Embark wants to make self-driving trucks without getting rid of drivers


Hot on the heels of the new lawsuit against Uber Technologies Inc.’s self-driving truck company, Otto, a new self-driving truck startup called Embark has just launched with some impressive tech.

Founded in 2016, Embark aims to revolutionize commercial trucking, which it calls “the backbone of our economy.” However, while most autonomous vehicle programs seek to eliminate the need for drivers entirely, Embark says it’s focused on making life easier for professional truck drivers by automating only some of the job rather than all of it. Namely, Embark wants to automate “long-haul” highway stretches between cities while leaving the more difficult city street driving to the operator.

As with other autonomous vehicles, Embark’s trucks use a combination of cameras, LiDAR and other sensors to “see” the world around them. Meanwhile, the trucks use artificial intelligence techniques such as machine learning and deep neural networks to make sense of all of the data and learn how it should react to different situations.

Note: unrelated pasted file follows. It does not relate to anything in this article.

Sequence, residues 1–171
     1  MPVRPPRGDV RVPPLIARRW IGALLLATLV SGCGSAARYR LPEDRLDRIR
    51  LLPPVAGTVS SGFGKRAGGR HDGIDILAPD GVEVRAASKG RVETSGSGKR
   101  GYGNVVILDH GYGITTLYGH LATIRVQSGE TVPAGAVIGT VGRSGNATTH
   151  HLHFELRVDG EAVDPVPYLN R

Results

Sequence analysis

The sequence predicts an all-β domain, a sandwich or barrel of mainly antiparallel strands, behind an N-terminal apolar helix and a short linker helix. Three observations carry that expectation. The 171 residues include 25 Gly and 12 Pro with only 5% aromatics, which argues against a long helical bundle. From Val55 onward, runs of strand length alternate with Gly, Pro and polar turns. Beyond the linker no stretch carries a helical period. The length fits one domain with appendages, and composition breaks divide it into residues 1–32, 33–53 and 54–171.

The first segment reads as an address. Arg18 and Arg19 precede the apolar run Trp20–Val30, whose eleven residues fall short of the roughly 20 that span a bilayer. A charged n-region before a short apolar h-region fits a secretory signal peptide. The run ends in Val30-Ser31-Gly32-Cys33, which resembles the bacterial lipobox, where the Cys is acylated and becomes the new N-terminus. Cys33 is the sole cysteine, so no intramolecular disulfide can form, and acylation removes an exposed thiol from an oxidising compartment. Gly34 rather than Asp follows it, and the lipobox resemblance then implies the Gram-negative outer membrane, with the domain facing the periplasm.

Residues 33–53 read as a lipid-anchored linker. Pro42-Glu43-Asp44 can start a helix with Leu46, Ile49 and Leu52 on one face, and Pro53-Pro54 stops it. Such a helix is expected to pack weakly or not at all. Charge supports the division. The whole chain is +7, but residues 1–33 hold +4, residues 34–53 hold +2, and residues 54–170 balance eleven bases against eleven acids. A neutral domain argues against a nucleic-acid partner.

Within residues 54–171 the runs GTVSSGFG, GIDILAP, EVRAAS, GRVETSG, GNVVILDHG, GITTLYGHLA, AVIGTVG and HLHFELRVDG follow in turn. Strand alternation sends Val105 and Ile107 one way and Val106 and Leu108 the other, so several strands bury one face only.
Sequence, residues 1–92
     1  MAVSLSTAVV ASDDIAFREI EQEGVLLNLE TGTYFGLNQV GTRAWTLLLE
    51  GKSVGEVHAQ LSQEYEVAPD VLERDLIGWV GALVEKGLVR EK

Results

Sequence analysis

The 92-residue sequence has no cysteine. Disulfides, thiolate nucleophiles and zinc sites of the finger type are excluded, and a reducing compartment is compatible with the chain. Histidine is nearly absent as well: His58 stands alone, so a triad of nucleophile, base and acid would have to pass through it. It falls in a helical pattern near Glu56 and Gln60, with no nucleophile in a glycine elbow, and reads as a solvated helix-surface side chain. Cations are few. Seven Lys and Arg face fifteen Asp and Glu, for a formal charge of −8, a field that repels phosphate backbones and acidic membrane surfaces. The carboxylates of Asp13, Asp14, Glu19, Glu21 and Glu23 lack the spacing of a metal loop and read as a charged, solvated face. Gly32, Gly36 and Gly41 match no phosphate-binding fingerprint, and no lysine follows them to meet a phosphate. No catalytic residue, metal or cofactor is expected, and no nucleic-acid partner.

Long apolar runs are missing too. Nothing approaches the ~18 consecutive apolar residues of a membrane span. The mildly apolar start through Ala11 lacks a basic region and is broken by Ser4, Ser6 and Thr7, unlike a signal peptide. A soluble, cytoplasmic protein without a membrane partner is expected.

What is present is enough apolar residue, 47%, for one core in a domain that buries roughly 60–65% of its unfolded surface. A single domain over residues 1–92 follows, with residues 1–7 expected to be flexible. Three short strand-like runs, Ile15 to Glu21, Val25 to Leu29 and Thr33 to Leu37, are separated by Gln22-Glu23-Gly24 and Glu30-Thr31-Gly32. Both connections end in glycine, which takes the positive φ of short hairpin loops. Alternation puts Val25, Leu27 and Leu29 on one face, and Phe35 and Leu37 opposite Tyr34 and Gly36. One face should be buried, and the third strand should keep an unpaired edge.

“Analyzing terabyte upon terabyte of real-world data, Embark’s DNNs have learned how to see through glare, fog and darkness on their own,” Embark Chief Executive and co-founder Alex Rodrigues said in a statement. “We’ve programmed them with a set of rules to help safely navigate most situations, how to safely learn from the unexpected, and how to apply that experience to new situations going forward.”

Embark is backed by a multimillion-dollar investment led by Maven Ventures and several angel investors, and the company said it plans to quadruple the size of its engineering team over the next year.

Embark has already received approval to test out its vehicles on public roads in Nevada, and the company said that its technology is capable of driving “from exit to exit on the freeway without any human input.” Still, Rodrigues said that there is plenty of testing left to do, and Embark plans to aggressively expand its testing capabilities as it grows.

“We are committed to proving beyond a shadow of a doubt that this technology is safe and reliable,” said Rodrigues. “That means performing extensive tests and working with our partners in the government to get it—and the market—ready.”

Image: Embark